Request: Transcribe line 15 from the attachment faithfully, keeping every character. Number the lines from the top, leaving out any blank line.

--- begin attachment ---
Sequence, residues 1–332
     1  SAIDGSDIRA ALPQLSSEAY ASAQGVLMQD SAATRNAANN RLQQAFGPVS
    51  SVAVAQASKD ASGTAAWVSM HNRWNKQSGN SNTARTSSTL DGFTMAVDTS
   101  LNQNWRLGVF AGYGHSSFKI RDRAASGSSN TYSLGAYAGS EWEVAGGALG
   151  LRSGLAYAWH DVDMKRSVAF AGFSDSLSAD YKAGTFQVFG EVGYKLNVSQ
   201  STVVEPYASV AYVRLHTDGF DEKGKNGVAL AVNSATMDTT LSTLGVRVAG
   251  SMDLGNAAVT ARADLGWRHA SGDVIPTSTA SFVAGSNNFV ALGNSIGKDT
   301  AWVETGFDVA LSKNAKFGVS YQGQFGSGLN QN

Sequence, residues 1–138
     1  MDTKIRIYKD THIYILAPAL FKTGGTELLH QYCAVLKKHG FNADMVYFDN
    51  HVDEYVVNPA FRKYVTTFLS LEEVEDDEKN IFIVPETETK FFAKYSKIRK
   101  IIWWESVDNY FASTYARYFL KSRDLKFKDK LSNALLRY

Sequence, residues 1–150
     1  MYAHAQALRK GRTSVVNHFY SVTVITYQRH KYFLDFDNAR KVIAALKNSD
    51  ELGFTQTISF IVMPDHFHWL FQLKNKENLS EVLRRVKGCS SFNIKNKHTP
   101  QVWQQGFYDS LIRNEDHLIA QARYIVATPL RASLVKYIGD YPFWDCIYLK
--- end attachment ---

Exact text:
    51  ELGFTQTISF IVMPDHFHWL FQLKNKENLS EVLRRVKGCS SFNIKNKHTP